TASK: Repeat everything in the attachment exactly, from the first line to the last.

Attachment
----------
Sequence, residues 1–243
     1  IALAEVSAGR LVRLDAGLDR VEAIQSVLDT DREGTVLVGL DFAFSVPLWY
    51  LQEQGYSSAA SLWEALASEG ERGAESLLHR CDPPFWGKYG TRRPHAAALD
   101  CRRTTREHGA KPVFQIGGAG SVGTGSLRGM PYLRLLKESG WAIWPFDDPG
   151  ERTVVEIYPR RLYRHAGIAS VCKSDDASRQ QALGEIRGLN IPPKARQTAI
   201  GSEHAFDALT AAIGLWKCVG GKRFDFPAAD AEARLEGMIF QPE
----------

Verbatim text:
Sequence, residues 1–243
     1  IALAEVSAGR LVRLDAGLDR VEAIQSVLDT DREGTVLVGL DFAFSVPLWY
    51  LQEQGYSSAA SLWEALASEG ERGAESLLHR CDPPFWGKYG TRRPHAAALD
   101  CRRTTREHGA KPVFQIGGAG SVGTGSLRGM PYLRLLKESG WAIWPFDDPG
   151  ERTVVEIYPR RLYRHAGIAS VCKSDDASRQ QALGEIRGLN IPPKARQTAI
   201  GSEHAFDALT AAIGLWKCVG GKRFDFPAAD AEARLEGMIF QPE